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2023 Anti-Racism Grant Recipients

Congratulations to the 2023 cohort of Lindy Center for Civic Engagement Anti-Racism Mini-Grant recipients! Each recipient submitted a project through our application process detailed in the previous link - the following list includes descriptions of each project and bios and pictures for the students who submitted the applications.

Project: Courageous Conversation

Grantees: Erin Bailey (left) and Cianni Williams (right)


Erin and Cianni are part of a Drexel cohort of Courageous Equity Leadership Fellows, a program that prepares college students to create safe spaces for authentic dialogue around race and racial healing. In 2022 they used the protocol they were trained in to host a Courageous Conversation in the School of Education. This year they are looking to host a second conversation with a broader University and community audience, inviting people from West Philadelphia to participate. In addition to sharing stories and reflections on race using the Courageous Conversations protocol, the event would also feature a creative project (in 2022 participants made a quilt together).

Project: Community Meal after Food & Land Security Course

Grantees: Drexel Urban Growers student group


Drexel Urban Growers will bring people together to share food, knowledge, and experiences at a community cookout, which will coincide with the end of a summer Community-Based Learning course “Food and Land Security in Philadelphia.” The cookout will be at 35th and Spring Garden (the Dornsife Center and the location of DUG’s garden) and be in partnership with Mantua Worldwide Community and other community organizations, civic associations, community agriculture organizations and students and partners of the course. The idea is to bring these groups together to share a meal, promote ongoing community-led initiatives, offer free seedlings and planting supplies, strengthen community agriculture partnerships in West Philly, honor food sovereignty projects, movements, and education happening in Philadelphia, and build relationships between DUG and community agriculture collectives through Mantua and all of Philadelphia.

Project: Engineering a Sustainable Community Garden

Grantees: Engineers Without Borders student group

Engineers Without Borders has a long-standing partnership with Holly Street Neighbors Community Garden. In the past, they have helped design and install a drip irrigation system for the garden. With this grant, they will further that partnership by designing a small, solar-powered electric system to charge power tools and light the garden as well as a shade structure so the gardeners can grow watermelons. Through partnerships like this one, Engineers Without Borders hopes to impact urban “food deserts” and give more people access to health foods and nutrition education. In addition to this project, they also work with other gardens throughout the city on engineering projects that promote sustainability and self-sufficiency.

Project: Collaborative Community Art Event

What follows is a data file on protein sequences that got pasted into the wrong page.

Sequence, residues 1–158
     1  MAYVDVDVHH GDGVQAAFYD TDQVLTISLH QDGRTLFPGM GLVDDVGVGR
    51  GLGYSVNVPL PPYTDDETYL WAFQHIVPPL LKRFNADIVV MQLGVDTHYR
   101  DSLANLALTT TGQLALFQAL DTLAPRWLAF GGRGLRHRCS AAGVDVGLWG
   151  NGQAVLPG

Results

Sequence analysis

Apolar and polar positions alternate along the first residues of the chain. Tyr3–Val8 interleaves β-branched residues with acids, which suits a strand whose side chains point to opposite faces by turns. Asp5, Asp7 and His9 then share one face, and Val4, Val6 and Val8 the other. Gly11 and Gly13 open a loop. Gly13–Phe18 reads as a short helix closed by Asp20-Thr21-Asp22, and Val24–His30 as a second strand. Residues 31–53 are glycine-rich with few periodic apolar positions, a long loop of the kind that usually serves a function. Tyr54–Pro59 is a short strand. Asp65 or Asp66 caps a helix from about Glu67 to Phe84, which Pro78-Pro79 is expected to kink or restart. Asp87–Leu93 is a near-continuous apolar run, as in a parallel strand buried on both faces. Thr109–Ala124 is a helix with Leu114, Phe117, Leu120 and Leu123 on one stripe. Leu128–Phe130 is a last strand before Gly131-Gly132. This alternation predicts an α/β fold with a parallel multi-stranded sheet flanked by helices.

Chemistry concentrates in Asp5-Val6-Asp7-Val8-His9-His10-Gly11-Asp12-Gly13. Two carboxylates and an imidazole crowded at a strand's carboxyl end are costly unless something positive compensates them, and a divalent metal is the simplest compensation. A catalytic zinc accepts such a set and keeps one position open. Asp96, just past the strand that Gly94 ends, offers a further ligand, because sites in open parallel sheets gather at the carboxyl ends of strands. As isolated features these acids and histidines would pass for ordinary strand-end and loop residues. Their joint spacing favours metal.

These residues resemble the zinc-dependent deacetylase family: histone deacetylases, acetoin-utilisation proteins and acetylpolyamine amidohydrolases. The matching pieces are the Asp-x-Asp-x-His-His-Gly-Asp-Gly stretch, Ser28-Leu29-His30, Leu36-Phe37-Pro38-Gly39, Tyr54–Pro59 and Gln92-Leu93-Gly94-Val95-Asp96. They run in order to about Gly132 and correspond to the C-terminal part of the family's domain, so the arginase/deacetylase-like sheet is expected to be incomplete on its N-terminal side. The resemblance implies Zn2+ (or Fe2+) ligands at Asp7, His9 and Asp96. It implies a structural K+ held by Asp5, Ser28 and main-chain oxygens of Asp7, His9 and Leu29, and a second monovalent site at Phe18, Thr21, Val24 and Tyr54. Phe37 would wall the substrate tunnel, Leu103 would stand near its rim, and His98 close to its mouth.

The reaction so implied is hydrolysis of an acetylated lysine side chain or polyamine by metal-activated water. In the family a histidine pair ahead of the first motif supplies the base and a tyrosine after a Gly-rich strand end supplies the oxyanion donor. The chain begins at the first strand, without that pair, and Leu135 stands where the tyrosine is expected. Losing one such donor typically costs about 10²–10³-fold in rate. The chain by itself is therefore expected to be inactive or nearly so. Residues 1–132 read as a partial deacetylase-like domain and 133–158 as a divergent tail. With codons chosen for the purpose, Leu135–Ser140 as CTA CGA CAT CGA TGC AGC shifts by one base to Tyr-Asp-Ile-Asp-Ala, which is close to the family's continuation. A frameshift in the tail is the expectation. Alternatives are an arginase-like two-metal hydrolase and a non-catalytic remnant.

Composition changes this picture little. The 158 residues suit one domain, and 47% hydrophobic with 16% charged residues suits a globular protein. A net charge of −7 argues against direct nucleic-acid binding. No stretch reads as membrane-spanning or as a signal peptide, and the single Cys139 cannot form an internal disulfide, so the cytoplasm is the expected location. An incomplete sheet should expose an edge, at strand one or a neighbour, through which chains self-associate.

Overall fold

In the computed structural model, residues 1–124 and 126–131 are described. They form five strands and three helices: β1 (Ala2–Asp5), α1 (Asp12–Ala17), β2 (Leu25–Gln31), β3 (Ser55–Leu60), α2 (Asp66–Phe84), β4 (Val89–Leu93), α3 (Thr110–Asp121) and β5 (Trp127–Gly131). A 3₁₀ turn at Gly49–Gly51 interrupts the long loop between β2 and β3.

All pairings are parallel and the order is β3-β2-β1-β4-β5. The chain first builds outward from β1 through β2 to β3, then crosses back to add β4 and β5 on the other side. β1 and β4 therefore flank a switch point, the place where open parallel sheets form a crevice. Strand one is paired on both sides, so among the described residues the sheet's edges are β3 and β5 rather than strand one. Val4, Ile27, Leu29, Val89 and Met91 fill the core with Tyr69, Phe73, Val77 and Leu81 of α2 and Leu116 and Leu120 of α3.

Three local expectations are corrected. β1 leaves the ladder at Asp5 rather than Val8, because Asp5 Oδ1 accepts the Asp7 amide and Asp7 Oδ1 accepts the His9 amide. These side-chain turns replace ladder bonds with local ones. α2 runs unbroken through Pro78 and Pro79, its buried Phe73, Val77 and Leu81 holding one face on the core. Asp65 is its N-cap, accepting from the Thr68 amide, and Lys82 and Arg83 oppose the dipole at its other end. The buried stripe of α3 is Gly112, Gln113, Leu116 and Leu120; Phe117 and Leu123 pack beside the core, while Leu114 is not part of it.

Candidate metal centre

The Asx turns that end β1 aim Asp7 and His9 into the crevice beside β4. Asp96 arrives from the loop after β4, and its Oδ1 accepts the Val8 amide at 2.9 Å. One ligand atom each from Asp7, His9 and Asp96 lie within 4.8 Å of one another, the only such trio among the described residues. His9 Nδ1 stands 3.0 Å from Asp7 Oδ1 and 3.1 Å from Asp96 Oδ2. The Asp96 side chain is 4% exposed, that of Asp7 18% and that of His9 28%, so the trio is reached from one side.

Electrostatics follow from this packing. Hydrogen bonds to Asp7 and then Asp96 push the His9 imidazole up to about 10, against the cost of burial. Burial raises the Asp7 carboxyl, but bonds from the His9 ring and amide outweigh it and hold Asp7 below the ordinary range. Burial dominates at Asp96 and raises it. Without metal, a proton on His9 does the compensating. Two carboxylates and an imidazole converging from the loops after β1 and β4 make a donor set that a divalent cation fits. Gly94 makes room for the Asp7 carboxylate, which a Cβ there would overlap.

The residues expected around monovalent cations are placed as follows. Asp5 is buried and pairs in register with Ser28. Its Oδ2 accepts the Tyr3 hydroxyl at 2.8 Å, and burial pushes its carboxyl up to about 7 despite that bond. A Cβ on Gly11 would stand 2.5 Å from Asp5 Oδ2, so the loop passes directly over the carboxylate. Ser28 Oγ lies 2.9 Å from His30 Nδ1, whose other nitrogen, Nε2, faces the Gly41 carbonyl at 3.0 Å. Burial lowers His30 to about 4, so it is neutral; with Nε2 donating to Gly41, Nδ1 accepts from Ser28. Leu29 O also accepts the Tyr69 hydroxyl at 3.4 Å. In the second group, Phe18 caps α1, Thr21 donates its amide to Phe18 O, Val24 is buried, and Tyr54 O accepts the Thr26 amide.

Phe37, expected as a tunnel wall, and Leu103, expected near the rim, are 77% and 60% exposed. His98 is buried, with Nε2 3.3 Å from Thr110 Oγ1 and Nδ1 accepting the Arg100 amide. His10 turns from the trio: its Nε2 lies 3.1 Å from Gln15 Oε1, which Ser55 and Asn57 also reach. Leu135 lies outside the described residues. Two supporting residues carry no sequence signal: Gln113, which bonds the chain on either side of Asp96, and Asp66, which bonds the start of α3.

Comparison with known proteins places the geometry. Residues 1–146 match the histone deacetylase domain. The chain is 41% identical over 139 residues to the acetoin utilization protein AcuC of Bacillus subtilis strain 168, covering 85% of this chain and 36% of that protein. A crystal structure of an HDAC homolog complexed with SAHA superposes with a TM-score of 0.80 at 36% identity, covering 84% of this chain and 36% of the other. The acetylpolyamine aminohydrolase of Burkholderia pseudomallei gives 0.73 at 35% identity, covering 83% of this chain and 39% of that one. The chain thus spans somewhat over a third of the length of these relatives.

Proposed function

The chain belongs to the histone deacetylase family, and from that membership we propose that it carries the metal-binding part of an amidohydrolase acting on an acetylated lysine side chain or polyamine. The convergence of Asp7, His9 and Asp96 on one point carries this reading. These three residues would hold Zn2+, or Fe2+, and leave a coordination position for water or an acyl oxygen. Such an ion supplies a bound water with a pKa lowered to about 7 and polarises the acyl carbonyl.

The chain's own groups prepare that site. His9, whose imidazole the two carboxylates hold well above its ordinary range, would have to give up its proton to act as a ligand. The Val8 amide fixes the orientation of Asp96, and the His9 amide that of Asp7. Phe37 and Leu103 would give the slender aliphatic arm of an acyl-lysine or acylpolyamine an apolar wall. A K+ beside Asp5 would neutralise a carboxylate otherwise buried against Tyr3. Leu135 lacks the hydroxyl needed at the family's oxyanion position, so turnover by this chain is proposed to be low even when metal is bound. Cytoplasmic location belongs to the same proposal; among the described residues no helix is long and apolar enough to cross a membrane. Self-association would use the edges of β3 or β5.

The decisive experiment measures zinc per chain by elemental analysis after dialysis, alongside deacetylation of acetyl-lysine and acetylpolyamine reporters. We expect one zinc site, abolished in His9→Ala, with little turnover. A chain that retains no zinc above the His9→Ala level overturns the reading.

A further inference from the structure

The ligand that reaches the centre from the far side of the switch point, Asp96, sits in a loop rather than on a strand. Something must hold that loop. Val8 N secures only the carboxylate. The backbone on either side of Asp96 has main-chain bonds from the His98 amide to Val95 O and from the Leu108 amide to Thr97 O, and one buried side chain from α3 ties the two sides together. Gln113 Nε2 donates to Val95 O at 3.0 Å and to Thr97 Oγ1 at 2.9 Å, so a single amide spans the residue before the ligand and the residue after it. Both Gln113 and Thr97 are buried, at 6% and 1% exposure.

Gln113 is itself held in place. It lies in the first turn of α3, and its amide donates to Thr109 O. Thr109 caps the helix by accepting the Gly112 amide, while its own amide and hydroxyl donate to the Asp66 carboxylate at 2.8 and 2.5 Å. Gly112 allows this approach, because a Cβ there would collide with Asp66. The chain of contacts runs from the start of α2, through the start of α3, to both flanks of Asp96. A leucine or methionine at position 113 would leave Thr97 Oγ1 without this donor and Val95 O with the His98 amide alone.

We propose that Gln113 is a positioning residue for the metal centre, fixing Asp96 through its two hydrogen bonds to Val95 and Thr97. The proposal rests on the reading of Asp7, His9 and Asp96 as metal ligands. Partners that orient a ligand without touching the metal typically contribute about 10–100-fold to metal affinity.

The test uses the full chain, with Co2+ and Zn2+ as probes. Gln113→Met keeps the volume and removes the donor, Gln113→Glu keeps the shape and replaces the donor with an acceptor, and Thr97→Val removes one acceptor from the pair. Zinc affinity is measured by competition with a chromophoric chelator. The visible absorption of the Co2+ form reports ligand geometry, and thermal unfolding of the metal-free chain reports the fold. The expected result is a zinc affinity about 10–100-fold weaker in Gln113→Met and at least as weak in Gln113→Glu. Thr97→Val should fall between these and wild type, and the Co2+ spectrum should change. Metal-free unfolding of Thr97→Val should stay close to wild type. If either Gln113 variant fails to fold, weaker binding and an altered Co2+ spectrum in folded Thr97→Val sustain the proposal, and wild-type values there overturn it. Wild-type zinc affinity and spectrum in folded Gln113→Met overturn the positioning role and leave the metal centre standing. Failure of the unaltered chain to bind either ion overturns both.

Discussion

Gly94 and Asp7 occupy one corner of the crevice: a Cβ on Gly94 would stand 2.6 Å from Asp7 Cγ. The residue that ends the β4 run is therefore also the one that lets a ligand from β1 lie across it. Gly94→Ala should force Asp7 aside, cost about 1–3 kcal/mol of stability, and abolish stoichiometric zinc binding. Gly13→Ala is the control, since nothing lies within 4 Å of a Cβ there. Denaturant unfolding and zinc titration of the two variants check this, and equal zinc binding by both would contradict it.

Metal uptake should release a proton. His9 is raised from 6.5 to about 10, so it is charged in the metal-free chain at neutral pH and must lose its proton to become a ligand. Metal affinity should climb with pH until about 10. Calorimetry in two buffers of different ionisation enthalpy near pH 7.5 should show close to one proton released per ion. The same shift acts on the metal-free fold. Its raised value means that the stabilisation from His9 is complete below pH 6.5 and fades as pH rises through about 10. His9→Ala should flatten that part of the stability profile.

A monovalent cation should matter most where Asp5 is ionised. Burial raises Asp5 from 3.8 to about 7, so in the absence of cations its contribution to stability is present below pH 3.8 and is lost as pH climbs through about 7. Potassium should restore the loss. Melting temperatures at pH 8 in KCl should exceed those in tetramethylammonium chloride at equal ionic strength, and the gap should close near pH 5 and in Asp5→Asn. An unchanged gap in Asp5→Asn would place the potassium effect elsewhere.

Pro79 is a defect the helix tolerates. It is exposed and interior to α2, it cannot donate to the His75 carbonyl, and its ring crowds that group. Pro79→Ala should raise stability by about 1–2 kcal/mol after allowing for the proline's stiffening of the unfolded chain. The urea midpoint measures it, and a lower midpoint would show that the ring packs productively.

Grantee: Rashmeet Kaur

Rashmeet Kaur is an IDEA Fellow with the Ubuntu Center on Racism, Global Movements, and Population Health Equity. As part of her Fellowship and her personal practice as an artist, she will facilitate a collaborative community art event that invites local individuals to co-create art and learn together. The event will be an opportunity for individuals of all artistic backgrounds to engage in meaningful reflection about what Ubuntu and anti-racism mean to them using artistic media (e.g., painting, collaging, poetry, etc.). The artworks that are created at the collaborative community art event will then be displayed at the Ubuntu Center.

Project: Racial Literacy Workshop for Pre-Service Teachers

Grantee: Rebecca Epting

  This grantee, in partnership with faculty in the School of Education, will create and facilitate a racial literacy workshop assisting pre-service teachers in developing pedagogical methods to improve their own racial literacy and build the capacity to engage in conversations that can develop a more equitable classroom environment and to support academic success for students of color participating in the five-week Kindergarten Bridge Program. The Kindergarten Bridge program is a five-week summer program which supports minoritized and underserved students of color in Philadelphia in their transition into kindergarten at two separate sites including the Powell School. The program utilizes undergraduate teachers to provide support and services to students entering kindergarten in the fall. The goal of this workshop is to increase awareness for program staff of ways that race may show up in classrooms and present strategies to thoughtfully plan and self-reflect on pedagogical practices. Attendees will learn what racial literacy is, reflect on the role race plays in instructional practices, learn how to recognize and discuss race in the classroom as it relates to teaching and learning, and build a personal racial literacy plan for their own classrooms.